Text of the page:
A new ransomware called TeslaCrypt was discovered by Fabian Wosar of Emsisoft that encrypts your files using AES encryption and then demands a ransom payment in order to decrypt your files. What makes TeslaCrypt different than other ransomware is its attempt to cash in on the $81 billion game market by placing a strong emphasis on encrypting video game related files. Unlike other ransomware that typically target images, documents, videos, and applications databases, TeslaCrypt also targets over 40 different video game related files. The game files being targeted belong to games such as RPG Maker, Call of Duty, Dragon Age, StarCraft, MineCraft, World of Warcraft, World of Tanks, and Steam.
Another major difference with this ransomware is that for the first time this type of infection not only accepts bitcoins as a ransom payment, but also accepts PayPal My Cash cards. PayPal My Cash cards are cards that can be purchased at popular US store chains and then filled with money that can then be transferred to a PayPal account using the PIN on the card. Paying the ransom with PayPal My Cash cards, though, comes at a premium of $1,000, while paying the ransom with bitcoins is half that price at $500 USD. This higher price for using the Cash cards is probably due to the higher risk of the illegal gains being confiscated by PayPal.
At this point it is unknown as to how TeslaCrypt is distributed, but once a computer is infected it will scan all drives on a computer and encrypt certain file types using AES encryption. Any files that are encrypted will have the .ecc extension added to the end of the filename. The file types encrypted by the TeslaCrypt ransomware are:
.7z; .rar; .m4a; .wma; .avi; .wmv; .csv; .d3dbsp; .sc2save; .sie; .sum; .ibank; .t13; .t12; .qdf; .gdb; .tax; .pkpass; .bc6; .bc7; .bkp; .qic; .bkf; .sidn; .sidd; .mddata; .itl; .itdb; .icxs; .hvpl; .hplg; .hkdb; .mdbackup; .syncdb; .gho; .cas; .svg; .map; .wmo; .itm; .sb; .fos; .mcgame; .vdf; .ztmp; .sis; .sid; .ncf; .menu; .layout; .dmp; .blob; .esm; .001; .vtf; .dazip; .fpk; .mlx; .kf; .iwd; .vpk; .tor; .psk; .rim; .w3x; .fsh; .ntl; .arch00; .lvl; .snx; .cfr; .ff; .vpp_pc; .lrf; .m2; .mcmeta; .vfs0; .mpqge; .kdb; .db0; .DayZProfile; .rofl; .hkx; .bar; .upk; .das; .iwi; .litemod; .asset; .forge; .ltx; .bsa; .apk; .re4; .sav; .lbf; .slm; .bik; .epk; .rgss3a; .pak; .big; .unity3d; .wotreplay; .xxx; .desc; .py; .m3u; .flv; .js; .css; .rb; .png; .jpeg; .txt; .p7c; .p7b; .p12; .pfx; .pem; .crt; .cer; .der; .x3f; .srw; .pef; .ptx; .r3d; .rw2; .rwl; .raw; .raf; .orf; .nrw; .mrwref; .mef; .erf; .kdc; .dcr; .cr2; .crw; .bay; .sr2; .srf; .arw; .3fr; .dng; .jpe; .jpg; .cdr; .indd; .ai; .eps; .pdf; .pdd; .psd; .dbfv; .mdf; .wb2; .rtf; .wpd; .dxg; .xf; .dwg; .pst; .accdb; .mdb; .pptm; .pptx; .ppt; .xlk; .xlsb; .xlsm; .xlsx; .xls; .wps; .docm; .docx; .doc; .odb; .odc; .odm; .odp; .ods; .odt
Unlike other ransomware, TeslaCrypt pays peculiar attention to files used by popular games such as Dragon Age, Call of Duty, StarCraft 2, RPG Maker, World of Warcraft, World of Tanks, Minecraft, DayZ, and League of Legends. This targeting of video game related files is a new development in ransomware. Once all of your data has been encrypted, it will run the following command to delete all Shadow Volume Copies and restore points from your computer. This is done so you are unable to restore your data from System Restore Points.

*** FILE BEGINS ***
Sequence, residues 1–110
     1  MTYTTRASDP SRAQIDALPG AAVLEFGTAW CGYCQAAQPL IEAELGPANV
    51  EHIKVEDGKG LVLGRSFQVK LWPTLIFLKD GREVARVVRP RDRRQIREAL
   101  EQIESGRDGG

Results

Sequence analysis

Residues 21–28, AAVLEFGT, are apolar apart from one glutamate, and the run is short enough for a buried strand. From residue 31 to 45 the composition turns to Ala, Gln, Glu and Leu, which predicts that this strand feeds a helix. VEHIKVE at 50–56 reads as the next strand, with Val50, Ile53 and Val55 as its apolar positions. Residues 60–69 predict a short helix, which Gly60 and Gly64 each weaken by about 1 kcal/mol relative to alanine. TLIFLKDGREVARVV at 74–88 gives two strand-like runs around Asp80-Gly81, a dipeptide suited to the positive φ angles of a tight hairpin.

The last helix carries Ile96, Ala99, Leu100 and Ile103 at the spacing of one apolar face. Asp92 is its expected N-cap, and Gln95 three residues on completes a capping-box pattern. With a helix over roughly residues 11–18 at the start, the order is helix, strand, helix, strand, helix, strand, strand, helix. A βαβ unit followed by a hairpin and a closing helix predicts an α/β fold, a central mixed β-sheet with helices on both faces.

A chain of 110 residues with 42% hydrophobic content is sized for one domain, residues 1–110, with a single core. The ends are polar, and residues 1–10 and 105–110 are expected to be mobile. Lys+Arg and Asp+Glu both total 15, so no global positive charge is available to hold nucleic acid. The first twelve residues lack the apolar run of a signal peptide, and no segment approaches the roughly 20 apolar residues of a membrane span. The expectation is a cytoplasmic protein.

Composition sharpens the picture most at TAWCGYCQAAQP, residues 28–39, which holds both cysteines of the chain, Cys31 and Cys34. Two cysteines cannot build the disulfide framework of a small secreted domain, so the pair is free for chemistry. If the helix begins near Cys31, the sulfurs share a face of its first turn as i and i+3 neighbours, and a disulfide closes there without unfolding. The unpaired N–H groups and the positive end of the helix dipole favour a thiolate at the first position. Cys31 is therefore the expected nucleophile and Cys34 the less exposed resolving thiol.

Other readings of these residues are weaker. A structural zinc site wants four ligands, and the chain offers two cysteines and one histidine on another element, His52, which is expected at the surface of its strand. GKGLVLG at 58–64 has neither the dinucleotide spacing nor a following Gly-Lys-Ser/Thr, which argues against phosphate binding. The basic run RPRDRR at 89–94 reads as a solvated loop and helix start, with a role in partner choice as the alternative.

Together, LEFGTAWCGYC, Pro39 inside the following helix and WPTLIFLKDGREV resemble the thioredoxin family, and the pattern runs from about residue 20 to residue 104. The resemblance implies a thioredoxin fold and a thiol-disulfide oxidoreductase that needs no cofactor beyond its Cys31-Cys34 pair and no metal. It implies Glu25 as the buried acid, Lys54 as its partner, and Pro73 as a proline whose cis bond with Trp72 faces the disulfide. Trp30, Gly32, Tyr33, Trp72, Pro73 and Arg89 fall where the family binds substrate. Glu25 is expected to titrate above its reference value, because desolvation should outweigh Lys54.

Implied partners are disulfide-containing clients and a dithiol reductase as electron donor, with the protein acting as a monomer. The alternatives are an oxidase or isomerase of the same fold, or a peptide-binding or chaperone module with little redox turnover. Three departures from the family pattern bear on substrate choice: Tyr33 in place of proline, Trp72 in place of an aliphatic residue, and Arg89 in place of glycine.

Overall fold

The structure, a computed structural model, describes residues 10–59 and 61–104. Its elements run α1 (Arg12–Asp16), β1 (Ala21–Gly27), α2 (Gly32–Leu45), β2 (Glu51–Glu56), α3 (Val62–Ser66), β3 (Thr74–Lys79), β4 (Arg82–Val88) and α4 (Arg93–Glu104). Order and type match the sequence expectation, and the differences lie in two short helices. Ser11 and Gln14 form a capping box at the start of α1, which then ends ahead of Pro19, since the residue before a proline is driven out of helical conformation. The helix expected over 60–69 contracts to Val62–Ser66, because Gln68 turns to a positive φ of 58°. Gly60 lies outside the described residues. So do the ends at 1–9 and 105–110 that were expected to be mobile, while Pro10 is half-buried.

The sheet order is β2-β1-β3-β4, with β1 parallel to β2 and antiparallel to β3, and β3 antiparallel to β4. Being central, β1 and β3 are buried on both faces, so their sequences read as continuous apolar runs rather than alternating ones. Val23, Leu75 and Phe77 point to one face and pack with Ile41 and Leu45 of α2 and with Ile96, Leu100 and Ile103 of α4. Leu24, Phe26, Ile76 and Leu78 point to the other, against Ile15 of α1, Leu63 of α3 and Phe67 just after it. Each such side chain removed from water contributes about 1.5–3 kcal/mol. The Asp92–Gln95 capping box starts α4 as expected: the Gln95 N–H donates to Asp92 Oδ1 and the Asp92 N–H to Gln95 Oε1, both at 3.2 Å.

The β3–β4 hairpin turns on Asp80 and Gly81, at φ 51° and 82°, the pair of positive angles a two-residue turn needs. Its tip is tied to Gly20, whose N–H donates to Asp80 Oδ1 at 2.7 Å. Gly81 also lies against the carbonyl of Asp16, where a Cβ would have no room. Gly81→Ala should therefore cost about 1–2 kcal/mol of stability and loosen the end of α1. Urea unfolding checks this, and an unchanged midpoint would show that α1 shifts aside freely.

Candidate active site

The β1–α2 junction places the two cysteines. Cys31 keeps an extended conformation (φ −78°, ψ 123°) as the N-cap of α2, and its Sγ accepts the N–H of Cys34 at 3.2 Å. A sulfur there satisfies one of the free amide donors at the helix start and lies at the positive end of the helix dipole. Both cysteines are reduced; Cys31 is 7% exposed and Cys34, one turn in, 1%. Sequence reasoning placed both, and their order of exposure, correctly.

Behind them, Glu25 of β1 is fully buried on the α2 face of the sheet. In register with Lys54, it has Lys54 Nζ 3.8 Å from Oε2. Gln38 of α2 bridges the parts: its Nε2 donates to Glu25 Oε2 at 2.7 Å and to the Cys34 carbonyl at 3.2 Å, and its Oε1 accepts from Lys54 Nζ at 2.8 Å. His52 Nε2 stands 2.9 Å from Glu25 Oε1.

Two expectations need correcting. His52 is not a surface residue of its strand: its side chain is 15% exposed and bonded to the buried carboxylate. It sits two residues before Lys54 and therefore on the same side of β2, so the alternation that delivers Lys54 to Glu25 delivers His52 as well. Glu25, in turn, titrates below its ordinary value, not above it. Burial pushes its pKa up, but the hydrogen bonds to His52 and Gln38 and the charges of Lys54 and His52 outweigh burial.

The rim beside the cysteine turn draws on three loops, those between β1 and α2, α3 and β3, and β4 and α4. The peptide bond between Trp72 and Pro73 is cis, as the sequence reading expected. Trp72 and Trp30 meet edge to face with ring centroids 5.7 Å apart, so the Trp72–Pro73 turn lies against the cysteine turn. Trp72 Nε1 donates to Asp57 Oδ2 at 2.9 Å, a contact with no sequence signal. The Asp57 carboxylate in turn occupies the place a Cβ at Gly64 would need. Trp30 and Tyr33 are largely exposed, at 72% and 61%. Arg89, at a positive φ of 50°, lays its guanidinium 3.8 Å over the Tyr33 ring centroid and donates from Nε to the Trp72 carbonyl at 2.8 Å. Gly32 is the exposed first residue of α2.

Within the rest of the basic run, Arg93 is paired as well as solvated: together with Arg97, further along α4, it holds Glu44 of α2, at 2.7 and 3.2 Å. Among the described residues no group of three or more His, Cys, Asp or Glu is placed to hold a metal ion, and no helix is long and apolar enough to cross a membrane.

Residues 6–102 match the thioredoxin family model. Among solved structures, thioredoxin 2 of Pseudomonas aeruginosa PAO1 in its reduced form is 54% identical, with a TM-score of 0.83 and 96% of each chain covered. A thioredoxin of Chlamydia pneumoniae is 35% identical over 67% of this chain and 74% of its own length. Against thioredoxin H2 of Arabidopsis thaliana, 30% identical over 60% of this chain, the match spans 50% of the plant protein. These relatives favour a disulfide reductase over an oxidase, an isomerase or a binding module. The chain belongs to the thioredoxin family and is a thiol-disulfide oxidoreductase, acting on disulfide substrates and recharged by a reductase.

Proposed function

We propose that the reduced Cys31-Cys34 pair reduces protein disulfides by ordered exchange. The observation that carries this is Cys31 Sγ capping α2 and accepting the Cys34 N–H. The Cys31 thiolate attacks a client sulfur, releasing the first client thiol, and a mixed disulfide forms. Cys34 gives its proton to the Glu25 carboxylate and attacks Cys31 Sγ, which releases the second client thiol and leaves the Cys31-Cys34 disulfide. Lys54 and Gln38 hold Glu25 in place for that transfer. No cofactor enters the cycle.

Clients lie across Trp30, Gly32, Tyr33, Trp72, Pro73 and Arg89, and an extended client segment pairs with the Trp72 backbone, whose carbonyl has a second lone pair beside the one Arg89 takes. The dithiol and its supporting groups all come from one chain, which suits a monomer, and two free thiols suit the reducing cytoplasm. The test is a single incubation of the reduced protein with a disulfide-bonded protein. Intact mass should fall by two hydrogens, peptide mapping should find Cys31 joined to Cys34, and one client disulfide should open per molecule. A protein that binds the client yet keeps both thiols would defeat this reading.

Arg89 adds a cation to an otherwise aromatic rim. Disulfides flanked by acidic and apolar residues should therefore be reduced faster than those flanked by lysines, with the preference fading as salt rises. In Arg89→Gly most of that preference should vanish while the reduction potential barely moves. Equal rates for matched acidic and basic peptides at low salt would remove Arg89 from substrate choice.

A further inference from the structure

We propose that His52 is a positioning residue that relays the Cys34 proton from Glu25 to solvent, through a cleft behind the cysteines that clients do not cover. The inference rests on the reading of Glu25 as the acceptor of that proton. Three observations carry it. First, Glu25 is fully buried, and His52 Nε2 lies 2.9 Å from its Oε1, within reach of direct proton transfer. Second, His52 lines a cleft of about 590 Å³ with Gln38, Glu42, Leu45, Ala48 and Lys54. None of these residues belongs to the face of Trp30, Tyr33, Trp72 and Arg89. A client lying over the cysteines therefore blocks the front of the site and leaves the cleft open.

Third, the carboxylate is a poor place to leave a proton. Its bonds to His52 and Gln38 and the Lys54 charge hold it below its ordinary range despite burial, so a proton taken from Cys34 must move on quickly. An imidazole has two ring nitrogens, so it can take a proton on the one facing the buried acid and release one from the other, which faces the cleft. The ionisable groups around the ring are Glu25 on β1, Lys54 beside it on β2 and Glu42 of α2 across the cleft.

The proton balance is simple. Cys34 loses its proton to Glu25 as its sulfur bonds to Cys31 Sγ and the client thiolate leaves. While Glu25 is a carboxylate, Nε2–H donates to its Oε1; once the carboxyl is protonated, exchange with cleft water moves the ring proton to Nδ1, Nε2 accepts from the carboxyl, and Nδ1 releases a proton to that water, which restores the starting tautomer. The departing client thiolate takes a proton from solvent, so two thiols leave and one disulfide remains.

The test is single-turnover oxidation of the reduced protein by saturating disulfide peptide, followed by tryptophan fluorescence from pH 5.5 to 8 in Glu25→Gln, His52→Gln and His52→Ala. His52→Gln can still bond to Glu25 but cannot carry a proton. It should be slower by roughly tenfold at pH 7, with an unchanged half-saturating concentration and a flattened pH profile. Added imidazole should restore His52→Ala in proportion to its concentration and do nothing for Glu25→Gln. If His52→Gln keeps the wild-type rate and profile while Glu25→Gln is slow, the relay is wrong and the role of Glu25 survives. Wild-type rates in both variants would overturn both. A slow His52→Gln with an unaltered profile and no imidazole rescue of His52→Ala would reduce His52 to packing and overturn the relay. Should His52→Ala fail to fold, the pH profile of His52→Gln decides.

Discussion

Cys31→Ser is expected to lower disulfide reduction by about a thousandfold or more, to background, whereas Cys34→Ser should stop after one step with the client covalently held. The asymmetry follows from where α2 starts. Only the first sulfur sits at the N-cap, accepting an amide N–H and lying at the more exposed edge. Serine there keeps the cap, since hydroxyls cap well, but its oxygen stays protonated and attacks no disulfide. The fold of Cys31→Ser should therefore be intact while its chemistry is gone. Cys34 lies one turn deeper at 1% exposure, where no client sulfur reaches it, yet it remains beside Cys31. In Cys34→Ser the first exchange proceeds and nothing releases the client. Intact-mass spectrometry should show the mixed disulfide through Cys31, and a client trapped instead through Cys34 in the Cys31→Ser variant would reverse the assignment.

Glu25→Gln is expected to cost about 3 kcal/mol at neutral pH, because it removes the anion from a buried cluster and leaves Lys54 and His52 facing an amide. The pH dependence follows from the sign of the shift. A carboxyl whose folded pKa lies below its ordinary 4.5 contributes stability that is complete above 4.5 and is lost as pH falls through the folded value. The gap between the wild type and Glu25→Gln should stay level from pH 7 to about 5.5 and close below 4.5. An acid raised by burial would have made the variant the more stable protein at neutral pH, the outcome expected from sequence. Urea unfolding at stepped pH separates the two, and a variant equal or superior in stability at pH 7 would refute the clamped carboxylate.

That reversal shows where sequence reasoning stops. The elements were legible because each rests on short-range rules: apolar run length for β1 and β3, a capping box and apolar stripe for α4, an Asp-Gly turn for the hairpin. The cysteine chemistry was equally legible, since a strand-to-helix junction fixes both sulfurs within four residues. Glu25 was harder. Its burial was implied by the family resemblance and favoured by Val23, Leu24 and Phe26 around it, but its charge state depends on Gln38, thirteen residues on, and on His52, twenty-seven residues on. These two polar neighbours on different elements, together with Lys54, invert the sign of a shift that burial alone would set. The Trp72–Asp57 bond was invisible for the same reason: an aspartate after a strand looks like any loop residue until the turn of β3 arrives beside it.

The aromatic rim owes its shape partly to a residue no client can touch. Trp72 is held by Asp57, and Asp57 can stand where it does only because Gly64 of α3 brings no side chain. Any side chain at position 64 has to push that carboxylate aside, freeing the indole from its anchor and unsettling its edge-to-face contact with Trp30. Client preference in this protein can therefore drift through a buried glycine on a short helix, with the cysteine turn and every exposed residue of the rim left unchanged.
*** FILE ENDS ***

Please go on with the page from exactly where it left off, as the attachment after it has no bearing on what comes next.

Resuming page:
vssadmin delete shadows /all
Finally, the ransomware will change your Desktop wallpaper to a ransom note and create another ransom note called HELP_TO_DECRYPT_YOUR_FILES.txt on your desktop. A lock screen will then appear that explains your data was encrypted and that you have 3 days to make payment. This lock screen contains buttons that allow you to check whether a payment has been accepted, the ability to enter your decryption keys, and a link to a TOR payment site where you can perform a free file decryption as a test.
TeslaCrypt’s TOR site provides instructions on how you can make your ransom payment in bitcoins or PayPal My Cash Cards. The site also allows you to decrypt one file for free to prove that they can indeed decrypt your files. Last, but not least, the site includes a message system that allows a victim to communicate privately with the malware developers.
Unfortunately, at this time there is no known method of decrypting your files for free. As always we recommend that you do not pay the ransom if you can avoid it. Instead restore files from a backup or try restoring your files using Shadow Explorer or with a file recovery tool like R-Studio, Photorec, or Recuva. None of these restoration methods are guaranteed to work, but it is worth trying as people have reported success with malware like TeslaCrypt in the past.
In short, keep your antivirus activated and up to date! Also, backup, backup, backup!
If you do fall victim to the latest TeslaCrypt ransomware, Frankenstein Computers has a flat rate malware removal service for $120 that will also include TeslaCrypt removal. (Sadly decryption of encrypted files in not included.)